Not only did the Eastmans need all the standard baby items — times four — they also needed a bigger house, which prompted a move to a four-bedroom house on the west side of Columbia.
They spent time counseling with physicians and caregivers at Boone Hospital who walked them through every stage of the process. The doctors even discussed how society would react to seeing a family with quadruplets.
“‘You don’t realize what this is going to mean,’” Kristin and Stuart remember being told by the doctors. “‘Back in the day, twins were the big thing. Then triplets. But now, it’s quadruplets. Be prepared, because there are going to be a lot of people who are going to want to talk to you and help.’”
At 22 weeks, Kristin went on bed rest, a common step taken to prolong a pregnancy, especially when multiple children are involved. Fortunately, that ended up being the only step needed to sustain the pregnancy for several more weeks.
“For having quads, it was really a fairly smooth pregnancy,” Kristin said.
But by 29 weeks, Kristin didn’t feel right and went to the hospital. Her blood pressure was elevated, indicating she may have preeclampsia, a potentially dangerous problem.
Physicians also determined the babies had stopped gaining weight in her womb.
The time came to schedule Kristin’s delivery. They picked the morning of April 18 for a planned Caesarean section. The children would be born at 30 weeks and three days, which is very premature but not unusual for quadruplets. Normal gestation is about 40 weeks.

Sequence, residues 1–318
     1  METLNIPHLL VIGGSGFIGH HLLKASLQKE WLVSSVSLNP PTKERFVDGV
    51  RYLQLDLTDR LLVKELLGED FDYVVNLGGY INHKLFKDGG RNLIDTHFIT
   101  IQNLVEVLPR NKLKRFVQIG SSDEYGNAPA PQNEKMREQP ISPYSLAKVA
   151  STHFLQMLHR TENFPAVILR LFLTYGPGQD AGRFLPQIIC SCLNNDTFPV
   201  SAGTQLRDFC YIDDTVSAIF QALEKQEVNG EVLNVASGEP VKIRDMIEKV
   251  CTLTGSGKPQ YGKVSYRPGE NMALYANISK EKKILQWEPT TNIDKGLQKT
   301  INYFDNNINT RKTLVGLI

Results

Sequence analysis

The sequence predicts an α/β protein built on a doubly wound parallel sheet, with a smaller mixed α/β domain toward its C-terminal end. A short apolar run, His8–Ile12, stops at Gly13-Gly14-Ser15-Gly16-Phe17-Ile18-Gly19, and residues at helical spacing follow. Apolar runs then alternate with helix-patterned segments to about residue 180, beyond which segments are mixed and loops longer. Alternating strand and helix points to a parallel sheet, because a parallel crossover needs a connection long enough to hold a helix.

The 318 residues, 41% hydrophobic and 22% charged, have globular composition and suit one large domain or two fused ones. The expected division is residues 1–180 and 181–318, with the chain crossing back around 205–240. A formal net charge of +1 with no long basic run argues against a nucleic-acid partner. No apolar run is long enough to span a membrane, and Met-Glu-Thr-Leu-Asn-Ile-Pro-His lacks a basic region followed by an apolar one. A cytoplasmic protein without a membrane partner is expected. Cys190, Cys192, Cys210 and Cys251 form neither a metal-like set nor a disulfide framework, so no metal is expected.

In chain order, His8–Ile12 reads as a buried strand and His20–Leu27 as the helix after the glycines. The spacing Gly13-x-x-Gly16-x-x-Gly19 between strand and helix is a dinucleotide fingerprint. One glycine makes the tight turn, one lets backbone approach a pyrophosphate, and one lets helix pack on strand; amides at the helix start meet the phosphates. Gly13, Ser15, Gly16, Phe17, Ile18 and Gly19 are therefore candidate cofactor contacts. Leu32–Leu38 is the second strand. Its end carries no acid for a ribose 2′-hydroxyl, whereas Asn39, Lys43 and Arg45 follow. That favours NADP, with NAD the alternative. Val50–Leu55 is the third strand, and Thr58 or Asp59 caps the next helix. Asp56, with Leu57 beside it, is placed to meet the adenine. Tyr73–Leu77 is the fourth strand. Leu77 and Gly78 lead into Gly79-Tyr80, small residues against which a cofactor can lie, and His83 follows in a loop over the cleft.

On the morning of the 18th, Kristin and Stuart arrived at the hospital at 7 a.m. as a large team of caregivers assembled for the delivery. About an hour later, Kristin received an IV. Before long, she was being wheeled into the operating room for the delivery.
Stuart vividly remembers the busy scene inside the room.
Kristin’s doctors were working with her as 12 additional staff and physicians including neonatologists, respiratory therapists and other caregivers waited in the room for the infants to arrive.
“It was like a well organized orchestra in there,” Stuart said. “There were at least three medical professionals per child.”
Then, at 9:14 a.m., Wilson Eastman was born. He was followed closely by his siblings Ellie, Luke and Caroline.
They were all born within three minutes of each other.
Ellie and Caroline weighed 1 pound, 12 ounces. Luke was 2 pounds, 10 ounces and Wilson weighed 3 pounds, 4 ounces.
The Eastmans went from having no children to having four in three short minutes.
Now the task fell to the physicians and caregivers at the Intensive Care Nursery to help the four children grow and eventually go home with their parents.
Boone Hospital physicians worked closely with Kristin and Stuart as they cared for their quadruplets inside Boone Hospital’s Intensive Care Nursery.